• Maddening tactics of the ‘People’s Vote’ campaign may soon be at an end, Charles Moore – Daily Telegraph

Vaz faces losing his seat over cocaine and rent-boy scandal

“Keith Vaz is facing the end of his parliamentary career after he was found to have misled the Commons standards watchdog about allegedly paying for sex with male escorts and offering to buy cocaine. The veteran Labour MP broke the members’ code of conduct and should face a six-month ban from the Commons, a cross-party committee said after a three-year investigation by Kathryn Stone, the standards commissioner. He will automatically face a recall petition, which could lead to him losing his seat, if MPs approve the suspension. Mr Vaz, 62, is expected to face a separate investigation for allegedly bullying staff, which he denies, after the parliamentary complaints system opened to historical cases last week. The Times understands that evidence against him has been submitted under the independent complaints and grievance scheme. The report published yesterday focused on a recording of Mr Vaz, released by the Sunday Mirror in 2016, in which he appears to suggest to two sex workers that he could procure cocaine. Ms Stone found that this was a “disregard for the law” and “disrespectful to the House and fellow members, who collectively are responsible for making those laws”. – The Times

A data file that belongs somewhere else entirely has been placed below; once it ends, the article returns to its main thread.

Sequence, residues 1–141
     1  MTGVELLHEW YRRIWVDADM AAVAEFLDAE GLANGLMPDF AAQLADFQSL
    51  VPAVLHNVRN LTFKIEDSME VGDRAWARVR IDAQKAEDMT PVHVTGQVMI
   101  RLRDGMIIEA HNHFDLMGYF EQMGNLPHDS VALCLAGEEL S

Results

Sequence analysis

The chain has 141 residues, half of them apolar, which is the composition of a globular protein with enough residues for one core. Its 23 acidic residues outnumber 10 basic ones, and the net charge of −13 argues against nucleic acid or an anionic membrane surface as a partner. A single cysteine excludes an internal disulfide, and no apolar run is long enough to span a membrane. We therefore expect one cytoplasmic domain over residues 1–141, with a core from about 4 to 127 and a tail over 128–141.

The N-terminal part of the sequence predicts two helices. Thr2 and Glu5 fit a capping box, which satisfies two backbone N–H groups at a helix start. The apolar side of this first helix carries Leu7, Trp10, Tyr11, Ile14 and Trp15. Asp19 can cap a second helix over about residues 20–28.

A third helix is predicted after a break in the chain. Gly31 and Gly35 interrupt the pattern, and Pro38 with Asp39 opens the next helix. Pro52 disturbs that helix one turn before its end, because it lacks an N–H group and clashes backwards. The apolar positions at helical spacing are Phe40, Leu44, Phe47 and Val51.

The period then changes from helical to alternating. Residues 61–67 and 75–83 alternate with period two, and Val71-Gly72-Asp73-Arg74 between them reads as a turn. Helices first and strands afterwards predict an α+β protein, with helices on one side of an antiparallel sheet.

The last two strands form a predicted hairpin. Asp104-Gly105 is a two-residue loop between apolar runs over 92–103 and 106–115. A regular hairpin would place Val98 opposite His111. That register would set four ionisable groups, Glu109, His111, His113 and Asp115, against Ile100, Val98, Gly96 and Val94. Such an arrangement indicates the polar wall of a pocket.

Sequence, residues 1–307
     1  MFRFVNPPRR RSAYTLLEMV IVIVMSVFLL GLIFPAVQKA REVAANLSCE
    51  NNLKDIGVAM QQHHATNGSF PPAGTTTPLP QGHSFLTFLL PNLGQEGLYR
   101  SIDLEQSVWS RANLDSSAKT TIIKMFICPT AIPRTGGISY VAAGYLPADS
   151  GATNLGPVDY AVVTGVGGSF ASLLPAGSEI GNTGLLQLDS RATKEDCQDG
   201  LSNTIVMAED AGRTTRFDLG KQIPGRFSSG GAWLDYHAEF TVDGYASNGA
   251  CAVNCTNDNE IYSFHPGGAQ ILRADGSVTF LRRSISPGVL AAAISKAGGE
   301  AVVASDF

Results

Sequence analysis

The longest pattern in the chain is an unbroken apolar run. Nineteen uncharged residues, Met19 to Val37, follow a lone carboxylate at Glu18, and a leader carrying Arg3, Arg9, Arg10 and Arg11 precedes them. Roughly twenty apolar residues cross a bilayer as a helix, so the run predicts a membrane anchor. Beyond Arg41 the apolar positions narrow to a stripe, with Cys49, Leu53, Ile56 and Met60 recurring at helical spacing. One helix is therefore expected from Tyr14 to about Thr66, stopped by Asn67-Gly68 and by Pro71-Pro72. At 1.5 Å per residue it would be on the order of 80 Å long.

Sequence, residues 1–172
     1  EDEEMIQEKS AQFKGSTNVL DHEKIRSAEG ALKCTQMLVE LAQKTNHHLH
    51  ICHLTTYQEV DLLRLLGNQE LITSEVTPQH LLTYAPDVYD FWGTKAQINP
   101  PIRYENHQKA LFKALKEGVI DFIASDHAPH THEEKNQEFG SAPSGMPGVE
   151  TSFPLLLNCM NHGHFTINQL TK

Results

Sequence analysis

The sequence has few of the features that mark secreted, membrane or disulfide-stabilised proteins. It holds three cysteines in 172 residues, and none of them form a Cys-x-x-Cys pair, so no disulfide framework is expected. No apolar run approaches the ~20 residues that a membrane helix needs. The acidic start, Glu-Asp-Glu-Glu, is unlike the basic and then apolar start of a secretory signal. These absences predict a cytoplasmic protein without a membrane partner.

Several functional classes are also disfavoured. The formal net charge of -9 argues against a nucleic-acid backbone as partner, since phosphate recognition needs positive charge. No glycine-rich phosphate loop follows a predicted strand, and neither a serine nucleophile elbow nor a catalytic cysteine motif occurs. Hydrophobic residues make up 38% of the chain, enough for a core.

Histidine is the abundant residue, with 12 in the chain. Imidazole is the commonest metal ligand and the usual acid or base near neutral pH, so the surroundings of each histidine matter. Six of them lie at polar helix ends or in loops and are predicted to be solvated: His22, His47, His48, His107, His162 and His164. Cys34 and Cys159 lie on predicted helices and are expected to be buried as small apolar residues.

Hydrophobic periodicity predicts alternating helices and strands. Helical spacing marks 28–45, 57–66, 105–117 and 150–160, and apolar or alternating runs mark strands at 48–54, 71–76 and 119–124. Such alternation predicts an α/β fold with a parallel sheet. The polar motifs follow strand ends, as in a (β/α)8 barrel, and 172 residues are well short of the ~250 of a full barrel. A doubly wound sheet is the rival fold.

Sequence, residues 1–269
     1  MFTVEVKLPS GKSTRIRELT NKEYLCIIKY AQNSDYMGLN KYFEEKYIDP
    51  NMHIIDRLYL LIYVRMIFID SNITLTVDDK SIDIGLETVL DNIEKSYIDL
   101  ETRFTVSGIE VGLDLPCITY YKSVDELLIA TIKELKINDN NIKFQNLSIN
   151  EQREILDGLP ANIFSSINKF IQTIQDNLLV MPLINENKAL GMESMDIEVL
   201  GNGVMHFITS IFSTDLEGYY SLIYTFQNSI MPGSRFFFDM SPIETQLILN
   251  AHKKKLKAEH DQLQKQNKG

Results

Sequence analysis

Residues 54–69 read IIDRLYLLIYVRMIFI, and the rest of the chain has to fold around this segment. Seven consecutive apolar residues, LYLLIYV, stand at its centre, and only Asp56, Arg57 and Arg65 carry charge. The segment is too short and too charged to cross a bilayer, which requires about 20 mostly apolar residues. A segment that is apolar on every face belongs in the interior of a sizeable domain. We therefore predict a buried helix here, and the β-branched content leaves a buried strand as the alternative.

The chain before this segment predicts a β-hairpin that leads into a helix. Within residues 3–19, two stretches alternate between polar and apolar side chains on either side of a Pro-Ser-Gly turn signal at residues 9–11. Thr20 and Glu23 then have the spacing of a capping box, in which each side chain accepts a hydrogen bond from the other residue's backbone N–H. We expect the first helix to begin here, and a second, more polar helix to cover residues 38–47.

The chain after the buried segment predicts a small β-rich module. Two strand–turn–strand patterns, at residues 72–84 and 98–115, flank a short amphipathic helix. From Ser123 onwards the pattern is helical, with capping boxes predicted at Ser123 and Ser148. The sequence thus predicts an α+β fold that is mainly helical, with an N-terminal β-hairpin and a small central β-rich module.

• How Keith Vaz tried to avoid punishment by claiming male escorts were ‘decorators’ – The Spectator
  • Fire brigade condemned for ‘systemic failures’ – Daily Telegraph
  • Lorry driver ‘part of global trafficking ring’ – The Times
  • BBC facing ‘a dozen equal pay claims’ in wake of Samira Ahmed case – The Times